Tim Cahill, public relations expert and occasional midfielder with Red Bull New York, has found new employment. It was announced today that he and the club have parted ways “by mutual agreement,” a phrase that’s one of the greatest tools of deception for media departments. Rarely in human history have two parties decided, at the same time, that it would be mutually beneficial to split, especially when millions of dollars are at stake. We tell our friends “it was mutual” when we’re six beers deep the night after we get dumped.
In the case of Tim Cahill and the Red Bulls, however, it’s probably true:
“This decision was not made lightly, and it is the result of many conversations between our staff, Tim, and his agent,” said Red Bulls Sporting Director Ali Curtis. “After much deliberation, we have agreed that this decision is best for all involved. We thank Tim for his service to the organization. He positively impacted the growth of the beautiful game in the United States, MLS and for the Red Bulls. We are pleased that Tim will continue to be an ambassador for Red Bull moving forward.”
The Red Bulls are very much in transition and probably have no desire to bring back Cahill for the $3.6 million he was paid in 2014. New sporting director Ali Curtis has made it clear that the team intends to be younger and less expensive, and a slumping 35-year-old who never had a clear position didn’t align with Curtis’s now-infamous 300-page vision for New York.
Despite his slumping form in club play, Cahill was still (according to the transfer rumors his agent was floating) somewhat of a sought after commodity. Now, it appears that he headed to China to suit up for Shanghai Shenhua.
“I’ve enjoyed every moment of my time at the Red Bulls and leave with great memories,” said Cahill. “I joined with the ambition of helping to grow and positively affect soccer in the US and I feel immensely proud of what we achieved as a team during my time in the MLS. Winning the Supporter’s Shield, was without doubt, one of the best moments I have experienced in my career and I am now looking forward to my next chapter, of which I will announce in due course.”
Now that it’s over, we can reflect. Cahill’s time in New Jersey will be remembered for three things: peaks, valleys and a perfectly cultivated public image.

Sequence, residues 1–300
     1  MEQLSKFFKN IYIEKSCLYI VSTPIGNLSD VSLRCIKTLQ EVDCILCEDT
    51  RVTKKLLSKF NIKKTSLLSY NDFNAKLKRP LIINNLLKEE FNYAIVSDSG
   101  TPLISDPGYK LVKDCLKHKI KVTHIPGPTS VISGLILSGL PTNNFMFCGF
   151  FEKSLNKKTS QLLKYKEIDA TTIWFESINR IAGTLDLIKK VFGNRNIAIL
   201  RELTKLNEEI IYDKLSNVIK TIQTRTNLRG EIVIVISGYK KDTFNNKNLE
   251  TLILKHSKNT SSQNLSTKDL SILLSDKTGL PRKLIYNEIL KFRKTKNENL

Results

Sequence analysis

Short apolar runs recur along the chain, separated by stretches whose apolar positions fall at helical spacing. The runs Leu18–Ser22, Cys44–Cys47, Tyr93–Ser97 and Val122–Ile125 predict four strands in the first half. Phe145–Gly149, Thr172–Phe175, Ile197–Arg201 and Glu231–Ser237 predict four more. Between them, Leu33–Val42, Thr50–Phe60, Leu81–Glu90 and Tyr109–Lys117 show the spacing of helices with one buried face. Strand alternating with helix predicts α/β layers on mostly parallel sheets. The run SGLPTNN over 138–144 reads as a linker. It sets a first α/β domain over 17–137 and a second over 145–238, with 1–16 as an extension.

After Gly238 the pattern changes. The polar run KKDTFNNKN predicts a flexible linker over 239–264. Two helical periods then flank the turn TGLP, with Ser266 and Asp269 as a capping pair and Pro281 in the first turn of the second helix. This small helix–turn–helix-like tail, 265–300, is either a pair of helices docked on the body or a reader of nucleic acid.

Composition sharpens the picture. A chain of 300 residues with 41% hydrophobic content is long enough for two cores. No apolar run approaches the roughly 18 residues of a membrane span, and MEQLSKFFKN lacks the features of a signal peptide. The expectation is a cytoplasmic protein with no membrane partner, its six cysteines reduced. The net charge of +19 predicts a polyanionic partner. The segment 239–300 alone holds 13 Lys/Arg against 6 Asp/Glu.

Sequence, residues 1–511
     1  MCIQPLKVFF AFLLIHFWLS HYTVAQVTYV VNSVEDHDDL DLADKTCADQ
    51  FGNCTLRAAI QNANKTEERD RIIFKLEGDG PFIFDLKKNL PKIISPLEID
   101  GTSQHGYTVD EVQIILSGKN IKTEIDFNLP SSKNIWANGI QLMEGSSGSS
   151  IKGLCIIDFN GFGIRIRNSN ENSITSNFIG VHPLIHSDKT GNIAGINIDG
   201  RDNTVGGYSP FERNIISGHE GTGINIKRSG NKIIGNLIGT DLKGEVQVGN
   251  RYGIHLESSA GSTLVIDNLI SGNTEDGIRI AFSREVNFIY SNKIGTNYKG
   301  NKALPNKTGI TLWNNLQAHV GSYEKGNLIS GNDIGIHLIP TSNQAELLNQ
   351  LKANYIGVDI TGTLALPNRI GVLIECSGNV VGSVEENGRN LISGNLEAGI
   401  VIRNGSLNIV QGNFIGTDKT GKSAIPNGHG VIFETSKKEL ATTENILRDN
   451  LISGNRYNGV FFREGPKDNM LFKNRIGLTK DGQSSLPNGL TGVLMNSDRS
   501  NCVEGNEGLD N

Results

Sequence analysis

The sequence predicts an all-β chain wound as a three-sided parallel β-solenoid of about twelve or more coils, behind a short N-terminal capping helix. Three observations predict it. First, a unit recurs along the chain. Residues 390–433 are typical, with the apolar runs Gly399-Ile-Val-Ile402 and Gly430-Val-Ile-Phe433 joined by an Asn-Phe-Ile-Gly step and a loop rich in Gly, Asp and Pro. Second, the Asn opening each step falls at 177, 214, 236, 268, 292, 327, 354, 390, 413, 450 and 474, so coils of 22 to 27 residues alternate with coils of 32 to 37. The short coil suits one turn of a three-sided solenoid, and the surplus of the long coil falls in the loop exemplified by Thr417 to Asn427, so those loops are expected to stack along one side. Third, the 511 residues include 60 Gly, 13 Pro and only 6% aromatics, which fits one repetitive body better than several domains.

Cahill struggled to find his footing after arriving in July of 2012, but the following year, after another slow start, he experienced a late season turn-around that earned him team MVP and MLS Best XI honors. He also helped lead New York to its first major honor – the 2013 Supporter’s Shield.
He was trumpeted as the true leader of the team, despite the fact that Henry wore the armband. Fans and media often pitted images of the two against each other. Cahill was viewed as hard-working and dedicated, yet still affable, where Henry was made into a snarling caricature of himself. Tim was seen as the lamb to Thierry’s lion, when in reality, the main difference between the two was that Cahill cared about public perception.
Every quote he delivered was a flawless recitation from the athlete’s guide to canned press conferences. It was like one of the Gladiators from Scandal was whispering platitudes through an ear piece for him to deliver to the cameras. He spun gold saying he was always team-first, or he would never put himself above the team – the sort of latent narcissism that initially made it past most fans’ smell tests.
In 2014, that veneer began to fade. Fans questioned Cahill’s commitment to the club as he missed matches for international friendlies on the other side of the globe. Though neither would admit it publicly, a rift developed between Cahill and Petke. As his time away revealed that the team performed better in his absence, Petke reduced his role, to positive results.
As time passed and Cahill continued to struggle with New York, clusters of fans began to see through the fog. Cahill’s brand started to see cracks as a frustrating campaign to defend the Shield bore more criticism. He began to push back. His natural ego — a fair and necessary thing for a top athlete to have — began to creep into public persona, but after two years of playing the Superman role, it was perceived negatively.
With the announcement that he is off to China, Cahill won’t only be remembered as vital contributor New York’s first silverware. To many, his lasting impression will be that of a player who didn’t want to be with the team, and was either disingenuous about it at the end or changed his mind as soon as things got difficult.
In time, this will probably change. Few supporters remember the negativity that surrounded the exit of Juan Pablo Ángel, who has since been restored to his saintly status. For now, there are many fans who aren’t sad to see Cahill go.